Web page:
LeVar Burton addresses race and justice at Dedication Day ceremony

Photo credit: The Gettysburgian

Photo credit: The Gettysburgian

By Annika Jensen, Editor-in-Chief

On November 19, a crowd of reenactors, community members, and Civil War enthusiasts gathered at Soldiers’ National Cemetery to commemorate the 153rd anniversary of Lincoln’s Gettysburg Address. Following a wreath-laying ceremony at Soldiers’ National Monument and music by the Gettysburg High School brass band, the Dedication Day program began at the rostrum at 10 a.m. with opening remarks about adherence to Lincoln’s ideals by emcee Wendy Allen, vice president of the Lincoln Fellowship of Pennsylvania. The program featured remarks from keynote speaker LeVar Burton and a naturalization ceremony for 17 new citizens.

An opening invocation was delivered by Anthony Stultz, professor of Buddhist studies at the Graduate Theological Foundation and founder of the Blue Mountain Lotus Society. Stultz tied Lincoln’s message to the current political climate in America, calling upon the audience to promote healing action and move beyond fear in order to “behold the ultimate measure of a human being.”

In attendance at the ceremony were the mayor of Gettysburg, the assistant press secretary of the White House, and two descendants of Edward Everett, a speaker at the original dedication of the cemetery in 1863.

Gettysburg College president Janet Morgan Riggs spoke briefly about alumnus David Wills who hosted president Lincoln at his home the night before he delivered the Gettysburg Address and the traditional first-year walk, which Riggs described as a defining moment in students’ lives. Riggs made no mention of the student protests against hate speech and intolerance that have occurred in the last week.

Also preceding LeVar Burton’s keynote speech was Ed Clark, superintendent of Gettysburg National Military Park, who addressed the new citizens awaiting naturalization, encouraging them to study history and take upon themselves the burden of preservation. “Starting today, the legacy of Gettysburg is yours,” said Clark. Clark drew sounds of disapproval from a few audience members when he conveyed his gratitude that there were not many “Lincoln-shaped” women in the audience.

Burton began his speech by expressing his desire to share what had been on his mind as of late, saying, “recent events in America have caused my heart to be disquieted.” He described an internal turmoil similar to that faced by Lincoln with race, class, and economics at the forefront of a conflict defined by anger and a lack of trust. “We are indeed a house divided,” Burton said; “the promise of America has yet to deliver to all her children.”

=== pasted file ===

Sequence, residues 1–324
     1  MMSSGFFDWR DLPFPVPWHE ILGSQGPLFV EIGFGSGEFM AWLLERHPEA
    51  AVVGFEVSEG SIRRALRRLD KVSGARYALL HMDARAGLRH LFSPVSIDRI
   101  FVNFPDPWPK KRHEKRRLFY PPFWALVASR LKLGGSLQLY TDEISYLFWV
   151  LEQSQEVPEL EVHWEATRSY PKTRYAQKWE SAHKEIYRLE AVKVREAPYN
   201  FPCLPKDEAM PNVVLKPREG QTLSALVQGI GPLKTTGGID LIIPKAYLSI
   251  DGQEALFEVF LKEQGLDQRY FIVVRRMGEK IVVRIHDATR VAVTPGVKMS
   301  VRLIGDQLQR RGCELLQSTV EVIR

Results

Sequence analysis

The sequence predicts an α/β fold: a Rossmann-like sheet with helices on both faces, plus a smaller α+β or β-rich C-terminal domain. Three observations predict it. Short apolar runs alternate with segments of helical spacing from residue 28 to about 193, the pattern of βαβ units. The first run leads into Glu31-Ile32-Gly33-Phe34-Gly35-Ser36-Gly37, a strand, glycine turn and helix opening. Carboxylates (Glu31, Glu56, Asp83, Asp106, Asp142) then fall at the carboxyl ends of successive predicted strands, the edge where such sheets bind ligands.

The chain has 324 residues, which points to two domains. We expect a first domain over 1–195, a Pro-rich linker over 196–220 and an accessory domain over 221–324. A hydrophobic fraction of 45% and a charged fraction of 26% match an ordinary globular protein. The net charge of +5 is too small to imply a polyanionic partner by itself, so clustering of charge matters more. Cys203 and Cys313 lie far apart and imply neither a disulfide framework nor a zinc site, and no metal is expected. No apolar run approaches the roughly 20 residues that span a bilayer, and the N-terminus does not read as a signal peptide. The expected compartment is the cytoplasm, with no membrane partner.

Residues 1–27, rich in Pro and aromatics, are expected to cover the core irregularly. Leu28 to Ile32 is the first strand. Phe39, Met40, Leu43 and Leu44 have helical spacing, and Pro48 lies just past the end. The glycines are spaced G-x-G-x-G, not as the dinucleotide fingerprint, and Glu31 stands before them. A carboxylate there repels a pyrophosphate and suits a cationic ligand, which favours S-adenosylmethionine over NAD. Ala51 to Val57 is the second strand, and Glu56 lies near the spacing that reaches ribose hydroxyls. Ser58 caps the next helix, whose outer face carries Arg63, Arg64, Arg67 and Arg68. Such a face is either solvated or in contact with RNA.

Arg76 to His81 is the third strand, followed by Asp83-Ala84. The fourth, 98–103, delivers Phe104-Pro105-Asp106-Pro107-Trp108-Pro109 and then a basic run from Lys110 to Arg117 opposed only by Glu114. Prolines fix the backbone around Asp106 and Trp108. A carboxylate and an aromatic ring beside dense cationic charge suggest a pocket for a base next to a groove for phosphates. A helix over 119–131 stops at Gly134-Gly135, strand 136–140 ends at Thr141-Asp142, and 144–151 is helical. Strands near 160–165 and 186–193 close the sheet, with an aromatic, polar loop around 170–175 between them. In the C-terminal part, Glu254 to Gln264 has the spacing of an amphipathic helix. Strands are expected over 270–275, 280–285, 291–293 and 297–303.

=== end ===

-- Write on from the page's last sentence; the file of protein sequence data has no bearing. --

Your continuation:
Burton described the current political climate of America to be “a crisis that truly has the power to tear us asunder,” asserting the existence of a chasm not so pronounced since the Civil War. He described the “duality of identity” in which Americans so proudly defend freedom but remain apathetic on the issue of slavery, citing the Japanese internment camps of WWII and the oppression of people of color by means of legislation.

Throughout his speech Burton repeated the phrase, “what part of ‘all men are created equal’ have I failed to understand?”

Burton emphasized the importance of education by describing his mother, a lover of language who earned an English degree at age 19 and continued her studies while working full-time as a social worker and raising three children by herself. “In my house, you either read a book or you were hit in the head with one,” said Burton. He described education as a tool to compete with “melanin challenged classmates,” a comment that drew laughter from the audience.

Burton concluded his speech with a powerful invocation: “The way forward is clear, America.” He warned that if we do not shape our society to reflect the idea that all men and women are created equal–another comment that received enthusiastic applause–then the Gettysburg dead will have indeed died in vain. “I pray we find courage and conviction to heed Lincoln’s sage advice,” he said.

After his speech Burton was presented with a flag that had flown over the cemetery the previous day in a wooden case made from a tree that witnessed the battle. Burton held the case over his head and called out for the reenactors of the 54th Massachusetts regiment, one of the first official African American regiments of the Civil War. The reenactors responded with enthusiasm.

Following the keynote speech George Buss, a Lincoln impersonator, recited the Gettysburg Address, and 17 candidates for citizenship from 11 different countries were naturalized.

 

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